Listen Local: Four New Music Reviews

Young Romantics
“Fast Dancing in a Freezing Room” [single]
Let’s get the Red Hot Chili Peppers comparison out of the way right off the bat. Yes, Young Romantics vocalist (and Louisville native) Griffin Fletcher looks just like a young Anthony Kiedis. God knows how many times he’s heard that, but the resemblance is uncanny. He also seems to channel the RHCP vocalist’s spirit and energy into his own vocal performance and apparently into their live shows, judging from the music video for this track. But it can also be said that Bowling Green’s Young Romantics’ latest track “Fast Dancing in a Freezing Room” — the first single from their upcoming full-length (as yet, unnamed) album to be released in December — sounds like a song that could have been a big hit for Californication-era RHCP. On the surface this is an alt-rock tune, but there is a whole lot more at work here. The R&B, funk and soul influence is unmistakable in this extremely catchy groove-driven, hook-laden song. Perhaps a comparison to Lexington’s MojoThunder is even a bit more accurate here, in vibe at least anyway. Whatever the case, whether you’re dancing, toe-tapping or head-nodding along, this isn’t a song that is going to leave many people standing still.

Dirty Mirrors [EP]
I hate to admit that I’ve gotten cynical with age and am guilty of trying to judge a book by its cover, but I took one look at the band photo cover of LUX’s debut 3-song EP Dirty Mirrors, saw four guys who look to be in their late teens/early 20s and thought, “What are these kids really going to have to offer?” Eleven minutes later I was busy trying to pick my jaw up off the floor. I am honestly stunned! By combining shoegaze, grunge, indie rock and post-hardcore, LUX has succeeded in creating a hauntingly beautiful, dream-like soundscape that somehow seamlessly blends melancholic vocals and melodies with frantic, high-energy guitar and drums simultaneously. Elements of The Bends-era Radiohead, My Morning Jacket, Slint, early Jane’s Addiction, Cocteau Twins and We Were Promised Jetpacks are here. There is a wealth of talent in both musicianship and songwriting skills that is far beyond the band’s years. LUX is at an incredible level right out of the gate, and the sky is the limit. One of the best records I’ve heard all year, local or otherwise!

Project 2022 [LP]
When New Albany native Andrew N. Aebersold says his one-man band Radianation is a lifelong music project, he means it. Now in his third decade of making music under the moniker, Aebersold has released his most ambitious album to date, Project 2022. After taking an extended break from music — 2005’s Karmony being his last release — he began writing and recording again in late 2021. Although still maintaining some influences of his previous releases, Project 2022 sees Aebersold moving away from the electronica and house music of his past and into an original alternative rock sound that falls somewhere between Depeche Mode, Nine Inch Nails and Radiohead, with a tinge of modern pop punk. Using a mixture of guitars (both electric and acoustic), drums, synthesizers, pianos and traditional orchestral instruments, Aebersold showcases his knack for creating larger-than-life, cinematic, epic songs. Each of the 12 tracks that makes up this album takes on a life of its own, yet they all flow together perfectly to take the listener on a journey through dark, melancholic lows and beautiful, bright highs, making Project 2022 well worth the 17-year wait.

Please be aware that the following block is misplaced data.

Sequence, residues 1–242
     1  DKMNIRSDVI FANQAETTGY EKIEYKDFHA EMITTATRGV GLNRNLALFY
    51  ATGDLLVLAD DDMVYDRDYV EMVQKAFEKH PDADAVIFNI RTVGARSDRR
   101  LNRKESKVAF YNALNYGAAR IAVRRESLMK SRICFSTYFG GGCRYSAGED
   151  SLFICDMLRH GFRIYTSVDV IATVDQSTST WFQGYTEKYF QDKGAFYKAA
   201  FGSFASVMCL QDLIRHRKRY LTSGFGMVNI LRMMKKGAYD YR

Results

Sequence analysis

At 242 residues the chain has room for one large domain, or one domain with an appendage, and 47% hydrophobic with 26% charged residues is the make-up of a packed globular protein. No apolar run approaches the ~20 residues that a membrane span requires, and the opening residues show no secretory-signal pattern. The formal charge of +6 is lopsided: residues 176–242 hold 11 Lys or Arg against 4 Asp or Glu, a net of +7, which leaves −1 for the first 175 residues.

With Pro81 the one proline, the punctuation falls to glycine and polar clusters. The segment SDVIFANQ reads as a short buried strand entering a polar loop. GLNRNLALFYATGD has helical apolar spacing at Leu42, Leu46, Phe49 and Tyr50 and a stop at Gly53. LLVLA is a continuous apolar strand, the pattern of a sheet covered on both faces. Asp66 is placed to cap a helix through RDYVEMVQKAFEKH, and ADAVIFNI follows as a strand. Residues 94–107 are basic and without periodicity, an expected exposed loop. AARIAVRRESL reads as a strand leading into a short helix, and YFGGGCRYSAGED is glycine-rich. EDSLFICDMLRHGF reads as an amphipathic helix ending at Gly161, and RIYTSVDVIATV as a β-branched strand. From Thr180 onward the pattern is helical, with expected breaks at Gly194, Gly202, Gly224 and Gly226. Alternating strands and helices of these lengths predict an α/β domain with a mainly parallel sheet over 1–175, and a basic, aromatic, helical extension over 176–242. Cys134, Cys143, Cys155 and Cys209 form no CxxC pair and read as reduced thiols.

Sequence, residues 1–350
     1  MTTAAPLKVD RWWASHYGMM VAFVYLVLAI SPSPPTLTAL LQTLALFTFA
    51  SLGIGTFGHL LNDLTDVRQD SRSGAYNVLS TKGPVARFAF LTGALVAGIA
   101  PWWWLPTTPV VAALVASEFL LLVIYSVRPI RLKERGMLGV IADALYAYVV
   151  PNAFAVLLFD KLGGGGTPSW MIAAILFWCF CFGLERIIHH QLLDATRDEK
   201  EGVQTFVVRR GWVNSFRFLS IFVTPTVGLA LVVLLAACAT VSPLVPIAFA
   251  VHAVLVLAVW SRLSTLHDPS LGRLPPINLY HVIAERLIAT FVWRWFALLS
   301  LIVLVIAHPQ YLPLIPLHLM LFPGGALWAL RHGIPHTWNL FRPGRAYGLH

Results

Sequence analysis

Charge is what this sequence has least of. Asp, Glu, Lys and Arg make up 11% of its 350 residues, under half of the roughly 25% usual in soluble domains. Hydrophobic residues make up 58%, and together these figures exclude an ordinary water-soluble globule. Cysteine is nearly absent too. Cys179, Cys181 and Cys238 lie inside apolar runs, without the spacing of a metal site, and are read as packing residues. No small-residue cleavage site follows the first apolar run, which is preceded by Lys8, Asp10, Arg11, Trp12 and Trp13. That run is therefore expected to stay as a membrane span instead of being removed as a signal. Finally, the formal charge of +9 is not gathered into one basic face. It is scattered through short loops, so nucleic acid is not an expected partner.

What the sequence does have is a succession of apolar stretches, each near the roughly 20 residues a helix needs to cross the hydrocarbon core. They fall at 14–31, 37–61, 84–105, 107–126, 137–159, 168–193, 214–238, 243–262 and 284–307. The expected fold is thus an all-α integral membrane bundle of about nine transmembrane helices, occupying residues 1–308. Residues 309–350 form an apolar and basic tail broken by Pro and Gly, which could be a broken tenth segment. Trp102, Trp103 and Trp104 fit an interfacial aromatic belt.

Drift City
Deep Reverse [LP]
Dwelling somewhere between dream-pop, shoegaze, alt-rock, alt-country, psychedelic pop and smooth jazz, Louisville’s Drift City has certainly carved a niche. Led by core member Jason Rivers (vocals, guitar, synth), and backed by a veritable who’s-who of Louisville musicians — Dave Givan, Billy Lease, Nick Layman, Brian Shreck and an impressive list of guest musicians — Deep Reverse is a 10-song journey into the sublime, refining the already near-perfect sound of the band’s 2020’s debut Mercurial Mirrors. One can certainly hear elements of Roxy Music, Radiohead, The Cure, Sparklehorse and even Sade. With the distinctive warble of Rivers’ rich vocals leading the way, the songwriting and musicianship here are absolutely superb. And the production is flawless, with every instrument given just the right amount of pop and blended together seamlessly without anything overbearing. This is one of those records you can put on and just sink into the music for the 41-minute runtime. They’ve also recently released a music video produced and directed by Scott Carney (of Wax Fang fame) for the album’s closing track “Terrible Sun.” Drift City is, without a doubt, a band you need to put on your radar immediately.

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